The PSC regime and Scottish partnerships

The Scottish Partnerships (Register of People with Significant Control) Regulations 2017 came in to force on 26 June 2017.

These Regulations make eligible Scottish partnerships subject to the PSC regime, which has applied to most UK companies since April 2016.

We reported earlier this year that there was a desire amongst many for increased transparency regarding limited partnerships in the UK, in particular Scottish limited partnerships. The obligations on eligible Scottish partnerships (which include all Scottish limited partnerships) under the Regulations should help to address some of the concerns highlighted earlier this year.

Which Scottish partnerships are affected?

As referred to above, the Regulations apply to ‘eligible’ Scottish partnerships. Those are:

  • all Scottish limited partnerships; and
  • broadly, Scottish general partnerships where all members are corporate bodies (referred to as ‘Scottish qualifying partnerships’ in the Regulations).

When do the new requirements apply?

Each eligible Scottish partnership has a duty to investigate and obtain information on its persons with significant control. This applies now. The partnership must take reasonable steps to find out if any person is a registrable person or registrable relevant legal entity (RLE) and, if so, identify them.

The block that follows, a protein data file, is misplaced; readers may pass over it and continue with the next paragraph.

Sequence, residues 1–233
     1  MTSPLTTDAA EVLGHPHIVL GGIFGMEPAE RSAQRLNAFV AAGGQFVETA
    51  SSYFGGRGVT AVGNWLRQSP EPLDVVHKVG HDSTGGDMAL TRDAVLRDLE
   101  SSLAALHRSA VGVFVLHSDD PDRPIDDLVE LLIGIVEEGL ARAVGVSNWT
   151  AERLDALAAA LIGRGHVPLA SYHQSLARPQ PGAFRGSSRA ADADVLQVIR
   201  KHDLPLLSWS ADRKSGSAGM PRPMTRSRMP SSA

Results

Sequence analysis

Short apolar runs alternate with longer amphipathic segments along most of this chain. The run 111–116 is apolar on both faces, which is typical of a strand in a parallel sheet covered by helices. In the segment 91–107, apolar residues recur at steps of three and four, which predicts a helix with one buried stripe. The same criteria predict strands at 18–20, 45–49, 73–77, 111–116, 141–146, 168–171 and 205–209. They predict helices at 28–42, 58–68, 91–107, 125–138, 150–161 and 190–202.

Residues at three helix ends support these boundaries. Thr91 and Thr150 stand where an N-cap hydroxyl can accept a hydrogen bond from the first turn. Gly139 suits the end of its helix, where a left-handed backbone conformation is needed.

The critical date for eligible Scottish partnerships is 24 July 2017.

Within the period of 14 days, beginning with 24 July 2017:

  • existing Scottish qualifying partnerships must register at Companies House; and
  • all eligible Scottish partnerships must submit PSC information to Companies House either to identify their PSCs, to identify the status of their investigations in relation to their PSCs, or to confirm that they do not have any PSCs.

Identifying PSCs

An individual or RLE with ‘significant control’ is someone who meets one or more of the specified conditions, which are:

  1. holding, directly or indirectly, the right to more than 25% of any surplus assets on a winding up – If the right to any surplus assets on winding up is not expressly provided for (for example in a partnership agreement) then each partner is treated as holding an equal share
  2. holding, directly or indirectly, more than 25% of the voting rights – Where the entity does not have general meetings (i.e. is not a company with members) then voting rights are decided by the exercise of voting rights that are (i) equivalent to those of a person entitled to exercise voting rights in a company or (ii) exercising the right under the constitution of the entity to block changes to the overall policy of the entity or to the terms of its constitution
  3. holding, directly or indirectly, the right to appoint or remove the majority of the persons who are entitled to take part in the management – This includes the right to appoint or remove those persons who hold a majority of the voting rights at meetings of the management body of the partnership
  4. having the right to exercise, or actually exercising, significant influence or control over the partnership